Sunday morning was crisp and brisk, no better time to discuss philosophy! Following my paper on fashion and confession, Anneke Smelik of Radboud University of Nijmegen, Netherlands continued the discussion of authenticity in dress. The panel concluded with Connie Etengoff’s (CUNY, Graduate Center) paper on fashion in Second Life and other virtual spaces.

Nathaniel Dafydd Beard, a freelance writer from London, questioned the role of the fashion city in his paper “Defining the Fashion City: Fashion Capital or Style Centre?” What defines a city of a mecca of style – commerce or “cool”? Beard’s continuing project concerning fashion centers involves collecting images of individuals with infamous “fashion souvenirs.” Check it out here.

The final session of the conference was surely one of the most interesting. Aurelie Van de Peer of Ghent University, Belgium (another philosophy student!) spoke concerning the concept of the “new” and how this notion is connected to the development of fashion magazines. Ane Lynge-Jorlen of the London College of Fashion also delivered a paper related to fashion magazines, specifically addressing niche magazines and their audience.  Claire Allen from University of Huddersfield, United Kingdom spoke on the changing face of fashion journalism, referencing all variety of internet style sources such as blogs, youtube, and facebook.

(from left to right) Aurelie Van de Peer, Ane Lynge-Jorlen, Claire Allen, and Johannes Reponen

(from left to right) Aurelie Van de Peer, Ane Lynge-Jorlen, Claire Allen, and Johannes Reponen

Johannes Reponen concluded the entire conference on a slightly negative, yet challenging note, reminding us that the road to genuine fashion criticism is a tough one indeed. Designers frequently hold the key to their own critics, creating an environment with very little true accountability. But it is indeed a challenge to these scholars and others to take all these avenues of research and continually find ways to plug into concerns of the real world.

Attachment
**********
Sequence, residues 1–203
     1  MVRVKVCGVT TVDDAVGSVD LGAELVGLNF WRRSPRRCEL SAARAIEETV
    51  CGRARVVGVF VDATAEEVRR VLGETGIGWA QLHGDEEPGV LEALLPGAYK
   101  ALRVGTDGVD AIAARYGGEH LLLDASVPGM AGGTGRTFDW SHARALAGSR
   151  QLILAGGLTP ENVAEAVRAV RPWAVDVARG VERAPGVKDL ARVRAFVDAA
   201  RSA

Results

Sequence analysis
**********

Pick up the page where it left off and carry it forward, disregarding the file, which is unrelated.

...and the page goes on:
To find the full conference programme with abstracts and links to full papers please go here.

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  • Sarah October 15, 2009 06.32 am

    I remember reading in the Call for Papers that said they discouraged the use of PowerPoint. For such a visual system as fashion, did you find this limiting? Were people indeed using visual images to illustrate or emphasize certain points?

  • Rebekka October 15, 2009 11.00 am

    “Fashion as Confession” sounds interesting. What was the paper about?

  • crosby October 17, 2009 11.48 pm

    oooh I am literally squirming with delight reading this recap – what an amazing conference and setting. Regarding Connie Etengoff’s paper, I recently co-sponsored 24 hours of fashion shows with GLANCE, a fashion PR agency in SL – what an amazing experience into a new land!

  • Ericka Basile October 18, 2009 08.58 am

    The use of powerpoint was discouraged, I assumed for presentations with bulleted points in text. Delegates did, however, use visual images and many presented them with powerpoint, which obviously looks better. I was very happy to disregard the discouraged use of the program and used it to seamlessly display all of ten visuals during my session.